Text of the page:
Calvary youth on mission to help hurricane victims
BY JEAN RUZICKA
In early June, 24 youth and five adult chaperones from Calvary Lutheran Church began their journey to New York to assist victims of Hurricane Sandy on Staten Island.
The Statue of Liberty greeted them each morning as they embarked on their mission, departing from Manhattan “to serve Christ.”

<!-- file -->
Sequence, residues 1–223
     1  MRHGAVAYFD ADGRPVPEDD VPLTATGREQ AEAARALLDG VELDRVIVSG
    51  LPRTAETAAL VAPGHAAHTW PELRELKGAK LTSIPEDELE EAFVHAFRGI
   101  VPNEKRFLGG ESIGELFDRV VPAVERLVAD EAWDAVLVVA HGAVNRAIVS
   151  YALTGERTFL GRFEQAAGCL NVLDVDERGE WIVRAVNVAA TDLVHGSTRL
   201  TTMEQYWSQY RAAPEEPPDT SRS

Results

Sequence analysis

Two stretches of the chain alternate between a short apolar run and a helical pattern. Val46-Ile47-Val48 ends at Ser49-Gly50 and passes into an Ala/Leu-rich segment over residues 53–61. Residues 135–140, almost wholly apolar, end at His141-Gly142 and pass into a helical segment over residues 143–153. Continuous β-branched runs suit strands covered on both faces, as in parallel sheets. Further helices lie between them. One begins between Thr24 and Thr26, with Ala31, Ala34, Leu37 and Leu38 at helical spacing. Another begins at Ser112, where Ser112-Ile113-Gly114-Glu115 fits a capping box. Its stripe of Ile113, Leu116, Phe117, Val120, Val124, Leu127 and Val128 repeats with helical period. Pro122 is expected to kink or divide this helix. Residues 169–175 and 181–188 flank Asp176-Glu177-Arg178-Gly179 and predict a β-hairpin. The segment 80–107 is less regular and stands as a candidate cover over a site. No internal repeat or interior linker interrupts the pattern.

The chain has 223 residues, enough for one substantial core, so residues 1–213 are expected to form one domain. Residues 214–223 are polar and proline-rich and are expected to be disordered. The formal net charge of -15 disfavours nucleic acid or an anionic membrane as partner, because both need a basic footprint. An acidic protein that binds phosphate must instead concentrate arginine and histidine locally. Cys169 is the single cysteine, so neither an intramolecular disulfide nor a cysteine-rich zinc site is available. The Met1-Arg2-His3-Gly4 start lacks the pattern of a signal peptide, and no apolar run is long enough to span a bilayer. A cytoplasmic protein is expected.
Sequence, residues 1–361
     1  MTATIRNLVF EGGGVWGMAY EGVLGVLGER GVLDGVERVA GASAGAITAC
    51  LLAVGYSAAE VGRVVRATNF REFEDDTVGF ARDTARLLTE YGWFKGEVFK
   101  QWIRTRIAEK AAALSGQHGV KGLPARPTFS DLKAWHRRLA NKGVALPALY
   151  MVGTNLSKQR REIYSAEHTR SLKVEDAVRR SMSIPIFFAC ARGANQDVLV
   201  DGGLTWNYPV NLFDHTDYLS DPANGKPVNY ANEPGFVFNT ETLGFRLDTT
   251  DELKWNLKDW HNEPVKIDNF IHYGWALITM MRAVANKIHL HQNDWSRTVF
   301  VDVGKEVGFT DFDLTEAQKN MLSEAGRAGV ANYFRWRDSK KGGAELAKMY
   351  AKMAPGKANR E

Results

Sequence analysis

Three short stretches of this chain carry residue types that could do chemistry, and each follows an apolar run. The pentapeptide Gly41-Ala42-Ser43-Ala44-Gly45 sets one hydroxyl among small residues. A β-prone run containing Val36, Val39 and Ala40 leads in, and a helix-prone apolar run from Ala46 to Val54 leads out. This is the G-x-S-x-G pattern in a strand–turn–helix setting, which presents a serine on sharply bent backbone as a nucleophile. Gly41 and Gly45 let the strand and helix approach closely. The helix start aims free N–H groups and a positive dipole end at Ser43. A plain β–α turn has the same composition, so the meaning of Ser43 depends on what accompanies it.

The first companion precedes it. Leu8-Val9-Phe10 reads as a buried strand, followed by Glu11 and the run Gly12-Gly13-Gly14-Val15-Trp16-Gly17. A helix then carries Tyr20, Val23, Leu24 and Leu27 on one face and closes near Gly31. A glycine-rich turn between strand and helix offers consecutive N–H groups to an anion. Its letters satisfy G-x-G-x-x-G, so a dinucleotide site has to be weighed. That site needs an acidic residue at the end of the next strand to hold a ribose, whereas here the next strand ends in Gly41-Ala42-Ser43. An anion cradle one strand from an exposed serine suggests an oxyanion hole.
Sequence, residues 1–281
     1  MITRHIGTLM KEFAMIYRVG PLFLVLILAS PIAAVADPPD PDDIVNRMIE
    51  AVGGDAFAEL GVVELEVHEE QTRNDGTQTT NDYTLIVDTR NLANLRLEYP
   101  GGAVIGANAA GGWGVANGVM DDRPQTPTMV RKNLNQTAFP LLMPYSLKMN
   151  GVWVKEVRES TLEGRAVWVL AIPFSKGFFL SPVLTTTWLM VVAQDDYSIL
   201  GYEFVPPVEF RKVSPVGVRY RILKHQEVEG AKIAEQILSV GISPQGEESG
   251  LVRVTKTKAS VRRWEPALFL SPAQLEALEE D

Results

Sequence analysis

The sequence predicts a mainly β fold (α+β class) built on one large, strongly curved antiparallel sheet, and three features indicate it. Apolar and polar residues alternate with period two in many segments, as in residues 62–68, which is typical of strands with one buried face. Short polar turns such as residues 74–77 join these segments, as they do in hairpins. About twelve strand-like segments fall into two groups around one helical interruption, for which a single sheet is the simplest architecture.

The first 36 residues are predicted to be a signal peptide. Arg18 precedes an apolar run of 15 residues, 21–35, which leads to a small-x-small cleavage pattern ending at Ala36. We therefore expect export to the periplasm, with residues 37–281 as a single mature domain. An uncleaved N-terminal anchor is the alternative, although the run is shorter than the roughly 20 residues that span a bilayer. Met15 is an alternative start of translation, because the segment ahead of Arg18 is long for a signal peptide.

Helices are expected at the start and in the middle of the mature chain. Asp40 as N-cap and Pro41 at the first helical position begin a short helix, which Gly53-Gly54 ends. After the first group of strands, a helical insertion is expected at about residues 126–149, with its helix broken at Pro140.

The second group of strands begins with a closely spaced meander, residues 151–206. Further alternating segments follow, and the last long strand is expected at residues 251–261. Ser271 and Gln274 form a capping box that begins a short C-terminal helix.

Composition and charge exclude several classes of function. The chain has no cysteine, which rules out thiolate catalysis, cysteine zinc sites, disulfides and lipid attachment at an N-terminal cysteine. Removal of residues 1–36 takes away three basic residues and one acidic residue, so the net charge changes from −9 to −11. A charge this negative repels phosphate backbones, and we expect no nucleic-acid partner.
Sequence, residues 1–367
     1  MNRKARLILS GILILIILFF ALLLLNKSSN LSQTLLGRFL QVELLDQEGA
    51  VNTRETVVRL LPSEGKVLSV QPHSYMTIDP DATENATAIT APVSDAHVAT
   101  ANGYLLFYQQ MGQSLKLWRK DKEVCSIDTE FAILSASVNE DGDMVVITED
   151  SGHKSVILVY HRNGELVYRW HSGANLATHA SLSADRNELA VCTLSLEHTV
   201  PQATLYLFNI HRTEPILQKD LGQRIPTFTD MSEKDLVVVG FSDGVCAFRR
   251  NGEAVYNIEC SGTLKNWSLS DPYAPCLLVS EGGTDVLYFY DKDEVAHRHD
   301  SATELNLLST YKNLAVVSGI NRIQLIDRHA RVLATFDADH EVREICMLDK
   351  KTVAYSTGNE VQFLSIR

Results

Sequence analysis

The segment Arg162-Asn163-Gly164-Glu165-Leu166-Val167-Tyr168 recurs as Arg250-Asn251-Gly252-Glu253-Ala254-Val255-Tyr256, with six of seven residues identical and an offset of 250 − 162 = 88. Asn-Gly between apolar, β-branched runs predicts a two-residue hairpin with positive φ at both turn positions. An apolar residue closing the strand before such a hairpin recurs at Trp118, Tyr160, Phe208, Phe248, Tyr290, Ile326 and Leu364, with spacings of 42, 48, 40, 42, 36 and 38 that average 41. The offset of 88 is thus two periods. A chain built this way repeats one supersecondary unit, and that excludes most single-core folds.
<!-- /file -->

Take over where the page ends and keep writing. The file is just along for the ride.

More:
“It wasn’t a hard decision,” said Christina Mackley, a senior who was on her second mission trip with her church youth group. “I love to go places to help people.”“It gives us a different view of the world, what life’s like” when catastrophe strikes, Isaac Kosel said.“From rural Park Rapids to urban New York City, we quickly realized that life in New York was much different than life in Park Rapids,” youth pastor Dana Kocka said.Their mission: To serve Christ by being like-minded and entrusting God with our entire beings, Kocka said.The students left behind their cell phones and amenities of home. Seventy people shared a single shower in the church where they stayed.“They were very quick,” said Heather Kniss, grinning, who graduated this spring. And sometimes nonexistent. “It made us more grateful.”There was no air conditioning. “Sixteen guys shared a room. And we couldn’t open windows, Kosel said. “But we have no second thoughts.”“We focused on our mission,” Mackley said.Moms and dads learned of their kids’ ventures via a mass email from Kocka, creating a bit of anxiety for parents when the first message didn’t arrive for a couple of days. “We were busy getting into the routine,” Kocka explained.A typical day began at 6:30 with breakfast at the church and packing lunches. They boarded a subway by 8 a.m. (rush hour), people often sharing their stories when they learned of the mission, and then a ferry bound for Staten Island.“The ferry ride was the most relaxing part of the day,” said Tristan Breitweser, a sophomore, who was experiencing his first mission trip.Upon arrival, they went to work, assisting the relief effort for the hurricane victims.Much of their duties involved yard work, push lawnmowers used in some instances because the motorized machines were lost or damaged in the flood.“It was incredibly powerful because the people are still trying to collect the pieces of their lives that were destroyed within minutes - and slowly put them back together,” Kocka said. “Lives were lost; homes were destroyed and contaminated water engulfed people’s homes and made their lives incredibly fragile.”They were at all levels of grieving, he said, “from death to loss of material.”“I felt I could relate to the people we were serving because their lives were like ours – until the hurricane turned their world upside down,” youth volunteer Spencer Adolphson said.“The life they knew was taken away in an instant,” said Mackley.“A lot of people needed to talk,” Kocka said.The media reported only a fraction of the total deaths that truly occurred, he said. “People from the neighborhoods we worked in, talked openly and sadly about the bodies that floated past their homes, as they could only watch from the windows of their second story homes.”They learned of families who were separated when the flood hit – the water arriving in a 30-foot wave - and spending what seemed to be an eternity waiting to find them.Seeing all of the damage that was done, and what the media doesn’t show on TV, “impacted me the most,” Nikky Pederson said.“I experienced Christ in the people we helped that were affected by Hurricane Sandy,” she said. “They were all so thankful for what they had, and didn’t take anything for granted.”“It was rewarding, but sad,” Mackley said. The media didn’t tell “how terrible it actually was. It opened our eyes… There was a lot of suffering.”Collecting all of the pieces of what they once had is only one huge obstacle, Kocka observed. The aftermath that brings depression is yet another huge difficulty many are trying to tackle. Though it was nearly seven months ago, many services dealing with the damage are still being put into place, as well as funds to help the many people impacted by this tragedy, he said.“What struck our group greatly was the lack of entitlement people felt,” Kocka said. “They were incredibly gracious and in awe of the selflessness they were receiving – especially from teenagers.”“You just don’t see youth like this anymore,” a gentleman told Kocka.Another woman said, as tears filled her eyes, “It’s like stepping back 20 years, just seeing kids, strong kids, leaders that want to help. You just don’t see kids that want to help anymore.”Some of the students quickly adapted to the devastation; for others it took a bit more time,” Kocka observed. “However, with one purpose in hand, we worked through those obstacles and God used those moments to work within us. We had to trust and lean on him with our entire being.“I think our whole mission team would agree with me when I say the trip was eye opening, jaw dropping, heart-wrenching and spiritually impacting,” he said.“The youth could share story upon story of the many experiences they encountered in New York,” he said. “The young widowed mother who lost her husband in the hurricane, the very depressed wife and mother who needed to grieve, the old man who greatly appreciated able hands, the drunken man standing outside the super market trying to numb his aching heart…“The truth is simple,” Kocka said. “We pray that they saw Christ in us, as we met them where they were at. We didn’t bring God to the city. God was, and still is, there. We didn’t focus on what we thought we couldn’t do. Instead we focused on what we could do and when we thought we couldn’t God provided – tenfold.”